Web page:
36 One of the Pharisees asked him to eat with him, and he went into the Pharisee’s house and reclined at table. 37 And behold, a woman of the city, who was a sinner, when she learned that he was reclining at table in the Pharisee’s house, brought an alabaster flask of ointment, 38 and standing behind him at his feet, weeping, she began to wet his feet with her tears and wiped them with the hair of her head and kissed his feet and anointed them with the ointment. 39 Now when the Pharisee who had invited him saw this, he said to himself, “If this man were a prophet, he would have known who and what sort of woman this is who is touching him, for she is a sinner.” 40 And Jesus answering said to him, “Simon, I have something to say to you.” And he answered, “Say it, Teacher.”
41 “A certain moneylender had two debtors. One owed five hundred denarii, and the other fifty. 42 When they could not pay, he cancelled the debt of both. Now which of them will love him more?” 43 Simon answered, “The one, I suppose, for whom he cancelled the larger debt.” And he said to him, “You have judged rightly.”44 Then turning toward the woman he said to Simon, “Do you see this woman? I entered your house; you gave me no water for my feet, but she has wet my feet with her tears and wiped them with her hair. 45 You gave me no kiss, but from the time I came in she has not ceased to kiss my feet. 46 You did not anoint my head with oil, but she has anointed my feet with ointment. 47 Therefore I tell you, her sins, which are many, are forgiven—for she loved much. But he who is forgiven little, loves little.” 48 And he said to her, “Your sins are forgiven.” 49 Then those who were at table with him began to say among themselves, “Who is this, who even forgives sins?” 50 And he said to the woman, “Your faith has saved you; go in peace.”
There’s a great movie that came out several years ago called “Remember the Titans.” It was a true story about a high school football team in the first year of integration of the school in, as I recall, 1971. The team goes through all the struggles you’d expect from such a sea-change event, and the integration is painfully hard. Through ups and downs the team, and even to some extent the town, become one as they go through the struggles. At one point, after he’s been in a horrifying car accident, one of the players says to another of a different race (who has become his best friend), “I was afraid of you, but now I see that I was just hating my brother.” The main characters had moved from seeing “those people,” to “this person.”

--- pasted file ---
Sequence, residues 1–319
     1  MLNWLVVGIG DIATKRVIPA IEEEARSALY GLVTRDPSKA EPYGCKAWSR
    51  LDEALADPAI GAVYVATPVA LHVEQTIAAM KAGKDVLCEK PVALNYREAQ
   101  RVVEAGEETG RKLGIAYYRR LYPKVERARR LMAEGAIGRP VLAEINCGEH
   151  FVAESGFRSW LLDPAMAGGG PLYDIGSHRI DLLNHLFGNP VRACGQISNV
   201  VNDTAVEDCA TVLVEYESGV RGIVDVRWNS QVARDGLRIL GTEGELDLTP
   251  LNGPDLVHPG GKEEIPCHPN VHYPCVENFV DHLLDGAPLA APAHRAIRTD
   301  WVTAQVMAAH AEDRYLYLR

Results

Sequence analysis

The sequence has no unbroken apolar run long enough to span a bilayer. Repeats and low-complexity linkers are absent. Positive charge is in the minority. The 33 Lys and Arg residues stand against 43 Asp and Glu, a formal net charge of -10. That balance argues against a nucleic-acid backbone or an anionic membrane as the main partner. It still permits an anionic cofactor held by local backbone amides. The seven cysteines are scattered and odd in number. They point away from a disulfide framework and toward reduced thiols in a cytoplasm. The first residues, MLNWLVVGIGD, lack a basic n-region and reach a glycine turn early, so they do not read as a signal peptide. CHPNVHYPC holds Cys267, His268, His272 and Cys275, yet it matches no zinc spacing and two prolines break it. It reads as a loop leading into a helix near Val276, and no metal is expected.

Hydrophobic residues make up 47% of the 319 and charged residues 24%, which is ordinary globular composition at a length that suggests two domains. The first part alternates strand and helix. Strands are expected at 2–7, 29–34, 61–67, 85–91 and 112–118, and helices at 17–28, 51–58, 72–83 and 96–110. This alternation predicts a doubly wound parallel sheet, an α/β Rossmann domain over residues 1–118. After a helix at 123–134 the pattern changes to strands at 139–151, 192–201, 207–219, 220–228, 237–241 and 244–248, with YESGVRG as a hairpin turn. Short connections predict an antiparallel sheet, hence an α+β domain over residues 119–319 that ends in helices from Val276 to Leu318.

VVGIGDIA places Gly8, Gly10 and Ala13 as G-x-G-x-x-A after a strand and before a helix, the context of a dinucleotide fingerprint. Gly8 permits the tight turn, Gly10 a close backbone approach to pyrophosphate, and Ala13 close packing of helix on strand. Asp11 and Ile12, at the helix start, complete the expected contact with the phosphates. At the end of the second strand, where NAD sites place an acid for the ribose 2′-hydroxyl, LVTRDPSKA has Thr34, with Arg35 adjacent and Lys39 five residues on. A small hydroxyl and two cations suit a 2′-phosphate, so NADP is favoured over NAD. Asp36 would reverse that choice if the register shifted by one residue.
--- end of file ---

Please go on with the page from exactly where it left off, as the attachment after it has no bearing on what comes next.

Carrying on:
Part of the way we make our way through life—as a species, I suppose—is by generalizing. It’s a survival mechanism, I think. We have experiences or ideas and apply them, generally, to the world around us, and we use those generalizations to keep ourselves safe. I don’t think this is necessary, but it is inevitable. And while it may provide some direction for us, it can also keep us from being what we were created to be: human beings in the image of God living in communion with other human beings.
But God’s grace, and our responding gratitude, will break through these generalizations and teach us, through love, to see the people around us as persons. And that’s a beautiful thing.
In order to understand Jesus’ interaction with Simon the Pharisee and the “sinful” woman, it’s important to have a few historical details in mind. The Pharisees, of course, were highly concerned with “holiness,” but also with “honor.” Honor revealed the blessedness of the holy one. In this understanding, sin—and anything “unclean”—was a communitive thing, and coming into contact with a sinner would lead to the holy becoming defiled. Thus sinners, as a group, were to be avoided if one was going to be truly holy. And anyone who regularly associated with “sinners” couldn’t possibly be a holy man. In addition, the woman in this passage is most likely a very particular kind of “sinner,”—a member of a “profession” which had been condemned in Israel from the beginning.
When we come to this section in Luke, we find that this isn’t Jesus’ first controversial moment. He’s already healed the servant of a *gasp* centurion. And he is known, at the end of the previous section, as a “friend to tax collectors and sinners”. To this point in Luke, Jesus has been establishing his identity as the one announcing the coming of God’s Kingdom—the coming of God’s active presence into the world. And the presence of God’s activity is among the poor, the outcast, the sick, the lame, and the sinners.
And so, with this in mind, we come to the story of Simon and Jesus and the woman. I want to examine this from a series of interactions: those between Jesus and Simon, between Jesus and the Woman, and between Simon and the woman, and I want us to see the ways in which Jesus uses the parable here to break down the dehumanizing system of thought that led Simon to view the woman as an object rather than a person, and how it had led to Simon missing his own unrighteousness.
Jesus and the Pharisee
We begin with an examination of the interaction between Jesus and the Pharisee. Simon’s invitation to Jesus for dinner is not a shock, despite what we might think. Apart from any kind of social graces, this kind of invitation is one way of showing and receiving honor—here is a man considered by many folks to be holy, to be a prophet, and Simon, part of the holy establishment, wants to see for himself. Jesus is popular, and it won’t hurt Simon’s image to be seen as the magnanimous host who invites him to dinner. Simon, then, sets himself up as the gracious host, the one who benevolently invites the popular street preacher in for dinner.
Jesus and the Woman
But a strange thing happens at dinner. A woman—a sinner—approaches Jesus, lets her hair down, and begins to wash his feet with extremely expensive perfume. This is a different kind of interaction completely than that with the Pharisee. It would have been a shocking sight for those present, with very inappropriate overtones (from the letting down of the hair to the use of expensive ointment).